August 12, 2022
Via the Federal eRulemaking Portal
Michelle Asha Cooper, Ph.D.
Acting Assistant Secretary for Postsecondary Education
U.S. Department of Education
Office of Postsecondary Education
Lyndon Baines Johnson (LBJ) Building
400 Maryland Avenue, S.W.
Washington, DC 20202
Docket ID ED-2021-OPE-0077
Notice of Proposed Rulemaking / Public Service Loan Forgiveness
Dear Assistant Secretary Cooper:
I write as Deputy Superintendent for Consumer Examinations of the New York State Department of Financial Services (“NYDFS” or the “Department”) in response to the Department of Education’s (“USDOE”) Notice of Proposed Rulemaking (“NPRM”) regarding student loans and affordability issues, published July 13, 2022. I appreciate the opportunity to comment on the NPRM.
I write to comment on the proposed amendments to the regulations governing the Public Service Loan Forgiveness (“PSLF”) Program in light of its importance to many government and nonprofit employees and the impending expiration of many of the changes to the PSLF Program announced by USDOE on October 6, 2021 (the “PSLF Waiver”).1 In addition, this comment includes other suggestions regarding the administration of the PSLF Waiver that are beyond the scope of the NPRM but highly relevant to borrowers.
NYDFS supervises and regulates the activities of financial service companies, including student loan servicers. Pursuant to those responsibilities, NYDFS examines state-licensed student loan servicers for compliance with Federal and State consumer protection laws. NYDFS also assists consumers in resolving their student loan-related complaints, including those complaints related to PSLF, and has entered into a settlement with a federal student loan servicer in connection with the PSLF Program.2 NYDFS therefore has extensive experience with servicers’ practices with respect to the PSLF Program and the ways in which consumers have struggled to obtain loan forgiveness under the Program.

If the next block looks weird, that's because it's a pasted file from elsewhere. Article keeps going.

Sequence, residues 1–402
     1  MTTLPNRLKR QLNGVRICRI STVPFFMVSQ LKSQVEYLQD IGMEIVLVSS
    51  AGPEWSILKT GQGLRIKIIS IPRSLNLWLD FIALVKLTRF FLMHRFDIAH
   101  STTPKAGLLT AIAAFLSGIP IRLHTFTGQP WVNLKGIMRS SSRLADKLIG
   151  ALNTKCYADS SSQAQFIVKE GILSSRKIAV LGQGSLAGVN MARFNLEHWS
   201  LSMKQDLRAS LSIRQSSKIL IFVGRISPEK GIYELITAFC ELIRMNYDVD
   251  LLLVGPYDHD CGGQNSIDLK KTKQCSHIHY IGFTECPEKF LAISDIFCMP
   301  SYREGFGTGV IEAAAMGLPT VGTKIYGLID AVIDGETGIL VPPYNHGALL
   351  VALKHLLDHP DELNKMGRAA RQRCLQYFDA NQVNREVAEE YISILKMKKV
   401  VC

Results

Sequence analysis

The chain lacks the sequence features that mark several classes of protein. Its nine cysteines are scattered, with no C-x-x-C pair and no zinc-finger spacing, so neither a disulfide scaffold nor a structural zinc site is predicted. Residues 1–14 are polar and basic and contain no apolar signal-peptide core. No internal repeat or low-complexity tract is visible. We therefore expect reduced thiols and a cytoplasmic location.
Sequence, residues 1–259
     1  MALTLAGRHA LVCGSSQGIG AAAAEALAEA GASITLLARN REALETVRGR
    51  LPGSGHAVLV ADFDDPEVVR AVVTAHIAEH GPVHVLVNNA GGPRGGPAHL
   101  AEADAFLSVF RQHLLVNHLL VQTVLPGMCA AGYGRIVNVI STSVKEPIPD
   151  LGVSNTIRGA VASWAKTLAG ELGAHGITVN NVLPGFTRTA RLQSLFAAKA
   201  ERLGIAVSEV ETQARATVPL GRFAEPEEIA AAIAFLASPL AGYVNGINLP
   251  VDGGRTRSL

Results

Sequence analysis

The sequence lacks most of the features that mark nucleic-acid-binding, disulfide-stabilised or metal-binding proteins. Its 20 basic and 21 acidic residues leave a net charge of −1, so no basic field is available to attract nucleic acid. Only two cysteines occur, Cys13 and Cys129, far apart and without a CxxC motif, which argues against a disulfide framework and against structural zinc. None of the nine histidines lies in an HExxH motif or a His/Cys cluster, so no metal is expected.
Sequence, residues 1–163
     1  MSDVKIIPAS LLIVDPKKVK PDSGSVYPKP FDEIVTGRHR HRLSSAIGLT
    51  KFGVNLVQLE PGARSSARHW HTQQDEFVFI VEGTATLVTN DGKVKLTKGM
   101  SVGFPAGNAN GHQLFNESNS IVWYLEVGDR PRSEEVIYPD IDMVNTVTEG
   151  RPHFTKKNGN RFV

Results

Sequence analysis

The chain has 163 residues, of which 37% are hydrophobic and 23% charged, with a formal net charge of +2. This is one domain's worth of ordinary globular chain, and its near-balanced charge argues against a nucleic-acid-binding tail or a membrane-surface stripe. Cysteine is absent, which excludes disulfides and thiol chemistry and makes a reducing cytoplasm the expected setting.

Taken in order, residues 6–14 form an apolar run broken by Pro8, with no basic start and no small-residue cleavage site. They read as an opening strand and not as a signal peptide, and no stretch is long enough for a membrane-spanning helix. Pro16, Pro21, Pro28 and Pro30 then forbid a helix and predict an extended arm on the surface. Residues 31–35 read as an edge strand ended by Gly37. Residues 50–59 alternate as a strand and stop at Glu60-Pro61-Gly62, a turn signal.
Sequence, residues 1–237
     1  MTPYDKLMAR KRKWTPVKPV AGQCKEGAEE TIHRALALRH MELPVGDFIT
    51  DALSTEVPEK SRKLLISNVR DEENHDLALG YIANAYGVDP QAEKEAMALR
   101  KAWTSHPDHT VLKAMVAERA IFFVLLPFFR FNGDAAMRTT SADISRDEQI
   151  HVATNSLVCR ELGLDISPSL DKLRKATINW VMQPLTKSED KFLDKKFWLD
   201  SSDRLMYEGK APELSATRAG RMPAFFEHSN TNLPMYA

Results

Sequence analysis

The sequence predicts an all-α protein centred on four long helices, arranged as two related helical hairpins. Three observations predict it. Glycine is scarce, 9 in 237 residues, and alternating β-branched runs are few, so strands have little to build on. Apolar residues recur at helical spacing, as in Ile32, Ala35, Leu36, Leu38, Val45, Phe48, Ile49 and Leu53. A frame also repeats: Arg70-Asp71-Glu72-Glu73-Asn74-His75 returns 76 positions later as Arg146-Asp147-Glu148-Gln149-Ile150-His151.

Despite the significant relief that the PSLF Program could provide to student borrowers who have chosen careers in public service, the execution of the program historically has fallen far short of expectations. That said, the PSLF Waiver has made improvements that have unquestionably benefitted borrowers, and NYDFS strongly supports the changes made as part of the PSLF Waiver, which have already had a life-changing impact on thousands of borrowers.3
Comments on the NPRM
NYDFS commends the USDOE for its efforts, through the NPRM and otherwise, to ensure that the PSLF Program will be implemented fairly in the future and will help borrowers obtain the forgiveness they have earned. For example, NYDFS appreciates the proposed regulation’s clarity towards which types of employment can qualify for PSLF: the improved definitions of qualifying employer in the NPRM will formalize existing USDOE practices and help borrowers understand in advance whether their employment will allow them to work towards PSLF relief.
Separately, NYDFS agrees with USDOE that promulgating regulations delineating the forms of payment that would count towards the 120-month requirement, such as payment in multiple installments or lump-sum payments made in advance, will provide additional flexibility for borrowers. Ensuring that this interpretation of what constitutes qualifying payments is set out in regulation will help borrowers obtain loan forgiveness.4
In addition, NYDFS appreciates that, where possible, forgiveness would be automatic, not requiring an application from the borrower. When USDOE can do so, applying forgiveness using information already available to USDOE is likely to provide relief to many additional borrowers who have earned forgiveness and may not otherwise be aware of the opportunity.